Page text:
the microfluid touchscreen technology developed by tactus lets tactile keypads appear and disappear as needed tactus morphing tactile touchscreen

at SID display week 2012 in boston, tactus technology demoed a morphing touchscreen where tactile keys appear and disappear as needed. the sample unit was a prototype android smartphone, but the system would be applicable to phones, tablets, and any other input device, including remote controls, navigation systems, games, and soundboards.

the technology is based on microfluidics, wherein a series of tiny channels are arranged beneath the flexible surface of the touchscreen, through which a reservoir of special oil can be pumped, ‘inflating’ the keys. the current system requires that the channels are built into the hardware, so that the configuration is fixed to represent portrait/landscape configuration for QWERTY or a dialpad, but already apps can selectively control only particular keys or parts of the screen; in the future, tactus hopes to develop a full-screen, instantly customizable keyspace.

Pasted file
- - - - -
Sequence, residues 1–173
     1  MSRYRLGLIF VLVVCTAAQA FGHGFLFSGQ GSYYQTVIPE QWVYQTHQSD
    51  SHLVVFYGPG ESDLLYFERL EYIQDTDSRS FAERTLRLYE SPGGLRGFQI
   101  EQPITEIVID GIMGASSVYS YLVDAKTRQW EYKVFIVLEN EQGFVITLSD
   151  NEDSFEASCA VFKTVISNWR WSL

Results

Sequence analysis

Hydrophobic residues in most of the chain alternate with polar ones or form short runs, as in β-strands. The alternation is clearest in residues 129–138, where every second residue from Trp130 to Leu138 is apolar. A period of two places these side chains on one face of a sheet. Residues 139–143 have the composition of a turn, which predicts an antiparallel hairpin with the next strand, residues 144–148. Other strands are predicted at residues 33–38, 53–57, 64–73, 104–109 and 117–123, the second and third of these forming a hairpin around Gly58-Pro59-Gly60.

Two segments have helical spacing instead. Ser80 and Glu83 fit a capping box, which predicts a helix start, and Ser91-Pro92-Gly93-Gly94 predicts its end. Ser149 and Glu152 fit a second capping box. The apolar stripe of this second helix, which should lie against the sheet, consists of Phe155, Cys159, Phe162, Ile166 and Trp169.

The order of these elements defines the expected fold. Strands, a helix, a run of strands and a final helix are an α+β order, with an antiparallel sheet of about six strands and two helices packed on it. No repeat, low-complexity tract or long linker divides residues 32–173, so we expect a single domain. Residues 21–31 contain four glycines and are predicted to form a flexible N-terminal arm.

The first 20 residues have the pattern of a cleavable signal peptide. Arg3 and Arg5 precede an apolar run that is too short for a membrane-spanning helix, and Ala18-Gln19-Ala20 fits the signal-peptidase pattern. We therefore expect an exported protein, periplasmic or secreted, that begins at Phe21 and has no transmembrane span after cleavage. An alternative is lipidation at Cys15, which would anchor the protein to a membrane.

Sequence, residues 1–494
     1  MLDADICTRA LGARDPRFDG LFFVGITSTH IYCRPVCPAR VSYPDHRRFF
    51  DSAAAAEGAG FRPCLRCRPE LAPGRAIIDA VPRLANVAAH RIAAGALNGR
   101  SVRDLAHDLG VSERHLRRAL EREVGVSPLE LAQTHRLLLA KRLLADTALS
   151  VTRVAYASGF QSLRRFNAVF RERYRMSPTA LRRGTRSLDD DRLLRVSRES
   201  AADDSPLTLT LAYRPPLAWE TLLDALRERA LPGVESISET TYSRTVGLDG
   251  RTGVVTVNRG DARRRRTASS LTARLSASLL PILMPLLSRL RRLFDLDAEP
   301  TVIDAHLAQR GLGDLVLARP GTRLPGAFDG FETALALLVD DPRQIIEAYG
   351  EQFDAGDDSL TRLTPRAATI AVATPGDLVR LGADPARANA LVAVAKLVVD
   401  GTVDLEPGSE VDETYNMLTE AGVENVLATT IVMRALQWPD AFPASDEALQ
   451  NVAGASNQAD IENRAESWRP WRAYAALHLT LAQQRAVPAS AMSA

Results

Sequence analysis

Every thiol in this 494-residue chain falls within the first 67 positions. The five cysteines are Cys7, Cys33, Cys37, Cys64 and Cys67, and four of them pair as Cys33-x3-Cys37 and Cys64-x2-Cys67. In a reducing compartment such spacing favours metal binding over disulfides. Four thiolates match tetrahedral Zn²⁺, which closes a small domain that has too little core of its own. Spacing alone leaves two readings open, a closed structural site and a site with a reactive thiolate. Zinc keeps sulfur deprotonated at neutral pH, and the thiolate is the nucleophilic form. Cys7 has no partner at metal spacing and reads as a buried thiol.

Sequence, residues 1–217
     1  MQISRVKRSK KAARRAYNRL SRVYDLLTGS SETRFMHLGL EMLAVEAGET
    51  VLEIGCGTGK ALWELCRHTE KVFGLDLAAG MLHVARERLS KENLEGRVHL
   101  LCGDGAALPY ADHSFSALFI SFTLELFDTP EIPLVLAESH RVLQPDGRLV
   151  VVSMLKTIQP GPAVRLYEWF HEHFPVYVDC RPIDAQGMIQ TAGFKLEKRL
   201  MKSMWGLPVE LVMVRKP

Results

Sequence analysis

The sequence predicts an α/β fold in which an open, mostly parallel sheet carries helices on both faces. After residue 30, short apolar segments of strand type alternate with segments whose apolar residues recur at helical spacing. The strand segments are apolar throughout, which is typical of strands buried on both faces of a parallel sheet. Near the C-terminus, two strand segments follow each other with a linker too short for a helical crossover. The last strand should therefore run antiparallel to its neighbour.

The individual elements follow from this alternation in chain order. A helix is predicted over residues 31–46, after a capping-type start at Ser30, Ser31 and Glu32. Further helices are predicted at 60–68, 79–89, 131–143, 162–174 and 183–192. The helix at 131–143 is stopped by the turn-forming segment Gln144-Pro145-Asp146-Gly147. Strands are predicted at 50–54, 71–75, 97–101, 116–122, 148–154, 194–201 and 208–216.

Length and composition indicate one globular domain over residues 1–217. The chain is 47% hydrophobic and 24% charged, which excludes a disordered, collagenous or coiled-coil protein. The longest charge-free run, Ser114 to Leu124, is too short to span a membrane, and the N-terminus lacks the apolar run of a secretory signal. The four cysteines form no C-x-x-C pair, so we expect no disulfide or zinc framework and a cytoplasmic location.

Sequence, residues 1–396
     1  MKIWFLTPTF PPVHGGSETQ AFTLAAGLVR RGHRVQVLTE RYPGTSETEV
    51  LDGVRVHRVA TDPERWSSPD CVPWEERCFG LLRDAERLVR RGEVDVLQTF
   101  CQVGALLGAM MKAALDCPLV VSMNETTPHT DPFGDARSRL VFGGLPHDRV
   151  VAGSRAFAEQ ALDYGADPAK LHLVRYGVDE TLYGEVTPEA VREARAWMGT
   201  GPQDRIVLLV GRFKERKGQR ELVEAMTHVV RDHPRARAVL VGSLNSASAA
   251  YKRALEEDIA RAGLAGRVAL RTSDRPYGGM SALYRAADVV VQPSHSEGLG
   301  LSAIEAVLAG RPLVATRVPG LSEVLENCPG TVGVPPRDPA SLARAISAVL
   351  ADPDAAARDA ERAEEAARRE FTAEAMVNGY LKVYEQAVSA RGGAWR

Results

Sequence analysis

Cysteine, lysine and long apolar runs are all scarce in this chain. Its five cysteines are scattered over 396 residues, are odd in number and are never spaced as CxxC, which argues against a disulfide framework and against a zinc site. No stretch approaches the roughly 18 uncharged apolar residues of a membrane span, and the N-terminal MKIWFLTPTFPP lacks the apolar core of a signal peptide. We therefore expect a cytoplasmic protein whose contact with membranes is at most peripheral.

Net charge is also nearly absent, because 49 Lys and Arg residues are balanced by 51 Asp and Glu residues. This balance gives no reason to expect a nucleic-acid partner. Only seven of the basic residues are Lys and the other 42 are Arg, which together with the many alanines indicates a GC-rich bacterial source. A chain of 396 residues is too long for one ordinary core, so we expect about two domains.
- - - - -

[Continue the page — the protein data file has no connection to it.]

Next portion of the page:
tactus anticipates that the first devices incorporating the dynamic touchscreen technology will be released in 2013.

demo video of the technology

tactus morphing tactile touchscreen the system could be implemented in smartphones, tablets, remote controls, navigation systems, and gaming

tactus morphing tactile touchscreen profile view of the ‘key’ bubbles

tactus morphing tactile touchscreen the demo android smartphone, in normal touchscreen mode (left) and with keypad activated (right)

via theverge